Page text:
The whale of the month for June is the bowhead whale, a baleen whale living almost exclusively in arctic and subarctic waters. This whale can be found at the 11th stop in our audio-guide. The bowhead whale gets its name from the size and shape of it's skull – their bow-shaped head is unique and represents roughly one third of their entire body length!
Bowhead whales average between 16-20 meters in length and 75-100 tons in weight, with females being slightly larger than males. They have a dark body with a light chin, and unlike most cetaceans they do not have a dorsal fin as they spend much of their time in icy waters. They use their size to their advantage when the sea freezes over and are able to break through ice that is at least 18 cm thick. They have adapted well to life in the arctic, and have a layer of blubber that can be up to 48cm thick.
Despite being large in size and living in what we would consider an extreme climate, bowheads can live a very long time. Based on scientific analysis of eye tissue and harpoon tips found in the blubber of these whales it's thought that they could easily reach at least 200 years of age. Like all baleen whales, bowheads are filter feeders, and consume a diet of marine invertebrates, crustaceans, copepods, and small fish. They have the longest baleen plates of all whales which is good, since they need an estimated 100 metric tons of food each year.
Vocalization is an important part of a bowhead whale's life and is used to find food and navigate migration routes. A fascinating project that took place from 2010-2014 off the coast of Greenland recorded 184 distinct songs from an estimated population of 300 bowheads. The songs changed between seasons and individuals. You can listen to some of these songs at the bottom of this post.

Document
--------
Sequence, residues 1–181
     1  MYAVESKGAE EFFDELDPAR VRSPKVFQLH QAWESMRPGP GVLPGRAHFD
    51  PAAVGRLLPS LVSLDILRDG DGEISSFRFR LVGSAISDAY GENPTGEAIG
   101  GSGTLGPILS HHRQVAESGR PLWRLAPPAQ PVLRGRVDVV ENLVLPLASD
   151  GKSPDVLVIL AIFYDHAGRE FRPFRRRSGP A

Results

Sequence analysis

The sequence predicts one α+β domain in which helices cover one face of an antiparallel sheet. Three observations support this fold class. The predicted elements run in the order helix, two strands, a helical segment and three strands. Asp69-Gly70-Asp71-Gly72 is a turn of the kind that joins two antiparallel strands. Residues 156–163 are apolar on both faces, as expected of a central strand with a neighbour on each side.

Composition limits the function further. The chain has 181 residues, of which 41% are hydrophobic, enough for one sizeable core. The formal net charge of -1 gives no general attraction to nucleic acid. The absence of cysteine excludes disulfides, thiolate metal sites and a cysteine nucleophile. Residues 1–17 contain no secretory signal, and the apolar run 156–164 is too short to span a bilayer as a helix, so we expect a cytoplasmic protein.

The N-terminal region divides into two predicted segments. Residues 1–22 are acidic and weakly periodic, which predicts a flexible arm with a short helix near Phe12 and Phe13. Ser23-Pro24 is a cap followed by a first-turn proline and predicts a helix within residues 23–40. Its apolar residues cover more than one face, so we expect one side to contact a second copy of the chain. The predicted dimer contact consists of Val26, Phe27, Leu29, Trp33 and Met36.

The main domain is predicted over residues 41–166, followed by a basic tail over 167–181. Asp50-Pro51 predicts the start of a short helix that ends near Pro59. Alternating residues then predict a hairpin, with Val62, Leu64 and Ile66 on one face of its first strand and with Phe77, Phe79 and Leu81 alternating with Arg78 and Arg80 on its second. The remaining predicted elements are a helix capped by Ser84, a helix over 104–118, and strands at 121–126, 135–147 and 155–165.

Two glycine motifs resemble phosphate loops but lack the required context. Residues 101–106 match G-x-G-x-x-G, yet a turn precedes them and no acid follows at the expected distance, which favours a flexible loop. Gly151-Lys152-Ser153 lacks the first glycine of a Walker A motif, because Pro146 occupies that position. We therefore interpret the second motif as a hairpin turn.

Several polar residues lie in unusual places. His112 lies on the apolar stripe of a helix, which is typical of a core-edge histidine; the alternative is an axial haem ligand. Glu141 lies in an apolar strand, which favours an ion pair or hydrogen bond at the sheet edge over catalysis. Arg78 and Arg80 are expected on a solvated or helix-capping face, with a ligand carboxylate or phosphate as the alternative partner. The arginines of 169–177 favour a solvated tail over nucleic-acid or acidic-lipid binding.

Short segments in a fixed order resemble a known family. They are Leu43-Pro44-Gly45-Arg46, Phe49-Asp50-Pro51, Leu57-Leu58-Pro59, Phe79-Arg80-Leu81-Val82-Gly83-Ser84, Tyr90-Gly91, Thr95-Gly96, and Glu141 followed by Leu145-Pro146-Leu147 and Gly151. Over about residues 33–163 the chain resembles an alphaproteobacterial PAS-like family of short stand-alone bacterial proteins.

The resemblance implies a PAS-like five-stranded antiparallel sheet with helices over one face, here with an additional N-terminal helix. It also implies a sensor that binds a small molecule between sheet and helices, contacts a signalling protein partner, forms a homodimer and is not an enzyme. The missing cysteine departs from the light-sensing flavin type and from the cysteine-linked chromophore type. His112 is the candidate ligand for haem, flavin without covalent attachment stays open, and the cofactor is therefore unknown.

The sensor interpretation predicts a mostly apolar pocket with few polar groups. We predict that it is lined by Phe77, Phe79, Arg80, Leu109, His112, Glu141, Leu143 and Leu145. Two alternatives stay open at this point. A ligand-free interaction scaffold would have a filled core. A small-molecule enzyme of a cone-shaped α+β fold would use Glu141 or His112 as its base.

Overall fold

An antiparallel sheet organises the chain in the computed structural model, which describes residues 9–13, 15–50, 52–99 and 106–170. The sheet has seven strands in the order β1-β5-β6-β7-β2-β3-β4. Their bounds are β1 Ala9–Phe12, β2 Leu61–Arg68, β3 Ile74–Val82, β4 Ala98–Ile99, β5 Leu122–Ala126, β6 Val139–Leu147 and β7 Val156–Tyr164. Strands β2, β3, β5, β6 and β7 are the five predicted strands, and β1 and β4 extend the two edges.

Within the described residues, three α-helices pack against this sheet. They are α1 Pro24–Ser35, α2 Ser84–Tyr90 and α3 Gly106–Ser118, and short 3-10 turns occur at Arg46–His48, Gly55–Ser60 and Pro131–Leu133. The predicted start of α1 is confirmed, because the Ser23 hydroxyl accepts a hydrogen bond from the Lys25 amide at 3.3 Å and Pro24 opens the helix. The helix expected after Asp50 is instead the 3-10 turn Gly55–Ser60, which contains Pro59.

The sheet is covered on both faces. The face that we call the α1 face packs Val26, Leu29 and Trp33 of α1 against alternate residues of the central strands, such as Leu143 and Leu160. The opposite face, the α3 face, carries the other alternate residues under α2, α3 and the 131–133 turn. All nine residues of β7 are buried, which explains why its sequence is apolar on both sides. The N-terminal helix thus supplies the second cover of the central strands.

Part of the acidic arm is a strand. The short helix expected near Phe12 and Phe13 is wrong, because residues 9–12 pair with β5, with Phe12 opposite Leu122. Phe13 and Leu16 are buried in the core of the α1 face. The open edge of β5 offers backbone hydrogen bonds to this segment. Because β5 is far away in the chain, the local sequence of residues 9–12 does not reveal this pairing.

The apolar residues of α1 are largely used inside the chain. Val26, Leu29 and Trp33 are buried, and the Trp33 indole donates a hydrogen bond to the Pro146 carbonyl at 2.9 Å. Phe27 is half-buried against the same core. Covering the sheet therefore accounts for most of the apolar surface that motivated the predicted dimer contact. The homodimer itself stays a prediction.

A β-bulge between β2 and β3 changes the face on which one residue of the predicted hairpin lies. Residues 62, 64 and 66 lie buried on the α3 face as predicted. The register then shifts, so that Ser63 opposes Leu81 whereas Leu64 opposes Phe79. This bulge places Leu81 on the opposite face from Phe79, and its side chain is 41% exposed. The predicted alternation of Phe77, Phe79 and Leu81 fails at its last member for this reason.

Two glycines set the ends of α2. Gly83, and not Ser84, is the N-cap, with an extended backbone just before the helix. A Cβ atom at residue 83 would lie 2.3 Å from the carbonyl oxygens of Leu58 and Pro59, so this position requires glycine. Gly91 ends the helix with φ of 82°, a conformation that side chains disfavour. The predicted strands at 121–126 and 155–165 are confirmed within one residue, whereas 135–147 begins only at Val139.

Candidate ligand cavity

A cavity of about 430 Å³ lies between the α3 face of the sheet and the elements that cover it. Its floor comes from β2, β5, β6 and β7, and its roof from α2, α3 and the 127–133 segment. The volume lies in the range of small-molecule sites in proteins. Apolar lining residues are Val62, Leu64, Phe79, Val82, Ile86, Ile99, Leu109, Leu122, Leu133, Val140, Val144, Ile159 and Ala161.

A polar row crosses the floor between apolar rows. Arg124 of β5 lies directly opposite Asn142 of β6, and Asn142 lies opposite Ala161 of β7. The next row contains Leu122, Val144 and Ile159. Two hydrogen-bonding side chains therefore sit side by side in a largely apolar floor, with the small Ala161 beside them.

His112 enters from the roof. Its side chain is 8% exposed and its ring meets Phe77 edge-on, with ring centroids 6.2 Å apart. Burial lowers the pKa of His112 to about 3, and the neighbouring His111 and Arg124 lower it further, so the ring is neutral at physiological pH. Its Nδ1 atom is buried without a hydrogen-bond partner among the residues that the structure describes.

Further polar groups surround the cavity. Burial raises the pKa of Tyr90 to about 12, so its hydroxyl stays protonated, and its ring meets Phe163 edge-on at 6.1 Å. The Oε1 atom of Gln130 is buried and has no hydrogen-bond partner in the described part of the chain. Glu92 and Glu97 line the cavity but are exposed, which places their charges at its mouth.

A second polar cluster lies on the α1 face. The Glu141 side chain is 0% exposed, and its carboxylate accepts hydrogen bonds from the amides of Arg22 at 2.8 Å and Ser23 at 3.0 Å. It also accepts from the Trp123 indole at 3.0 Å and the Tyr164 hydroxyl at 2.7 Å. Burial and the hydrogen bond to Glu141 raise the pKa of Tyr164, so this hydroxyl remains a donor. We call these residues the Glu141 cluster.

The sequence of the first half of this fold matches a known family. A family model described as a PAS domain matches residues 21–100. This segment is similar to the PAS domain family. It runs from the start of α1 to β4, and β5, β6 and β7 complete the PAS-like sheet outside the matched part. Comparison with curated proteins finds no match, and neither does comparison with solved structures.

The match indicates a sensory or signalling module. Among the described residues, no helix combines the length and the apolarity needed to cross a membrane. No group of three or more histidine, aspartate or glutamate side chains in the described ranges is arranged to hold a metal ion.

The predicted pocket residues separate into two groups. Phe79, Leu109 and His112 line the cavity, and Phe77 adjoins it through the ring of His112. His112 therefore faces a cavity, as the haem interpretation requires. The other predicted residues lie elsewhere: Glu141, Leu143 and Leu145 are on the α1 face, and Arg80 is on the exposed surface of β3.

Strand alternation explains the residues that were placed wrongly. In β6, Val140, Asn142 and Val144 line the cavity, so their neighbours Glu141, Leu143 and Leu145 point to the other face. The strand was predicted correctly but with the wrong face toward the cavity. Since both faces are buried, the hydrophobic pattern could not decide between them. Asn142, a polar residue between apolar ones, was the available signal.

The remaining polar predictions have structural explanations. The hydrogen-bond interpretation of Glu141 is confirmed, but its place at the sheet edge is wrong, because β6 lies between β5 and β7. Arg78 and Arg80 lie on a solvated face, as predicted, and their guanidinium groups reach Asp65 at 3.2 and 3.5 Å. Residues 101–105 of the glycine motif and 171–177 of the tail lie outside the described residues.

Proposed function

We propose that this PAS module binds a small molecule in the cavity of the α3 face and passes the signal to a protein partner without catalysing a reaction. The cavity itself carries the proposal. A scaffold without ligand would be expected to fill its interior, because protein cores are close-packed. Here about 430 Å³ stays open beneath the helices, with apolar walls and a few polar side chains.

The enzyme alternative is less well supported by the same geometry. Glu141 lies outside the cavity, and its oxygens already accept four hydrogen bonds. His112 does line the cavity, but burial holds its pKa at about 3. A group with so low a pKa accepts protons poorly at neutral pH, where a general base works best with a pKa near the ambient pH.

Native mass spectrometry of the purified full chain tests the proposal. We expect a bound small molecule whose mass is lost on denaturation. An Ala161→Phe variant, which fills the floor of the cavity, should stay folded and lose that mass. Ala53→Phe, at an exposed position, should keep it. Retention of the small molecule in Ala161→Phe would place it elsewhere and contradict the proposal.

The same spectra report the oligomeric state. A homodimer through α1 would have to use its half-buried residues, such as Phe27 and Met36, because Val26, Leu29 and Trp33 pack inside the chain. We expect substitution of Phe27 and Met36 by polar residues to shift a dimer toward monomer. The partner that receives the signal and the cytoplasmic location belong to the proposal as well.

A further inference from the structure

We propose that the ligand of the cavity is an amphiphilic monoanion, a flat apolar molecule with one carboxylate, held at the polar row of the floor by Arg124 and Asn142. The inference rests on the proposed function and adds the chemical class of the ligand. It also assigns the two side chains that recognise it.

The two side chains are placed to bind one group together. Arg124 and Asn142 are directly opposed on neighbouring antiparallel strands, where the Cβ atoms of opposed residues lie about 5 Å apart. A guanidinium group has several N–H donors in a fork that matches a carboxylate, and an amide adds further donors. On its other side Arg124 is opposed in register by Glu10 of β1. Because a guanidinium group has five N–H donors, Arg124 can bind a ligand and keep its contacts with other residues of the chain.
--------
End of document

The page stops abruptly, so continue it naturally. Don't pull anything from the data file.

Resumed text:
The bowhead is not known as a deep diver, but they can reach depths of 150 meters. Their average dive is 9-18 minutes long but can be up to 1 hour. They are usually found alone or in small pods of up to 6 individuals, though mother and calf pairs will migrate separately from male groups and remain separated during the summer months while the calves are feeding. Calves stay with their mothers for roughly one year and a female will have a calf every 3-4 years.
Historically, the bowhead whale was hunted commercially from the 1800's to the early 1900's. They were a prized target as they had lots of valuable oil and baleen and are very slow swimmers. Whaling devastated the global population. It is thought that by the time commercial whaling of bowheads ended in 1921, there were fewer than 3,000 left. They have been making a comeback, with some populations doing better than others. It is estimated that there are between 10,000 and 50,000 individuals today.
Like many cetaceans, the bowhead faces a variety of threats. These threats include ship strikes, entanglement in fishing nets and equipment, noise and chemical pollution, climate change, offshore oil and gas work, and the occasional attack from killer whales. Some Inuit populations have permission to hunt a small number of bowhead whales each year.
The bowhead whale can occasionally be seen off the northern coast of Iceland, which is at the southern edge of their usual range. The Icelandic name for bowhead whales is norðhvalur, which means 'north whale'.
You can read more about bowhead whales and their exfoliating behaviors here, and listen to a recording of their songs below!